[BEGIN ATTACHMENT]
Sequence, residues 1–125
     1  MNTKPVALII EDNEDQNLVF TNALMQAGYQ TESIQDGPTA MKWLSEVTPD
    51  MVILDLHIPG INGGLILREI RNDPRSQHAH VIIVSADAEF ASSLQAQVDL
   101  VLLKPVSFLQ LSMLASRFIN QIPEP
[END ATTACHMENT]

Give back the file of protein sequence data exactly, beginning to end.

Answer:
Sequence, residues 1–125
     1  MNTKPVALII EDNEDQNLVF TNALMQAGYQ TESIQDGPTA MKWLSEVTPD
    51  MVILDLHIPG INGGLILREI RNDPRSQHAH VIIVSADAEF ASSLQAQVDL
   101  VLLKPVSFLQ LSMLASRFIN QIPEP